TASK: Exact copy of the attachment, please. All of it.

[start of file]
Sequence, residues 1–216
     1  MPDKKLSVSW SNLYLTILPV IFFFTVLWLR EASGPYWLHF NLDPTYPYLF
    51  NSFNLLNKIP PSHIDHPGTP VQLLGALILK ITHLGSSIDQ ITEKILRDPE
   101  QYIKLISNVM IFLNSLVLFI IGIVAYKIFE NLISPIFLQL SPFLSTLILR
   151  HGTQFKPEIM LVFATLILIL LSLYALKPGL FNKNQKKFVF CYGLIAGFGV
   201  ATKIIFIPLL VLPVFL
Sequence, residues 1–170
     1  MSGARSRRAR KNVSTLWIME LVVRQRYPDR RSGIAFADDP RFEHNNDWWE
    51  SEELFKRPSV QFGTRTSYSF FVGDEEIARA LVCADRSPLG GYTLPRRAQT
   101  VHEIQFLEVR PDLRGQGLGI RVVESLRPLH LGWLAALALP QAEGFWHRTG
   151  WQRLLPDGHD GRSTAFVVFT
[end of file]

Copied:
Sequence, residues 1–216
     1  MPDKKLSVSW SNLYLTILPV IFFFTVLWLR EASGPYWLHF NLDPTYPYLF
    51  NSFNLLNKIP PSHIDHPGTP VQLLGALILK ITHLGSSIDQ ITEKILRDPE
   101  QYIKLISNVM IFLNSLVLFI IGIVAYKIFE NLISPIFLQL SPFLSTLILR
   151  HGTQFKPEIM LVFATLILIL LSLYALKPGL FNKNQKKFVF CYGLIAGFGV
   201  ATKIIFIPLL VLPVFL
Sequence, residues 1–170
     1  MSGARSRRAR KNVSTLWIME LVVRQRYPDR RSGIAFADDP RFEHNNDWWE
    51  SEELFKRPSV QFGTRTSYSF FVGDEEIARA LVCADRSPLG GYTLPRRAQT
   101  VHEIQFLEVR PDLRGQGLGI RVVESLRPLH LGWLAALALP QAEGFWHRTG
   151  WQRLLPDGHD GRSTAFVVFT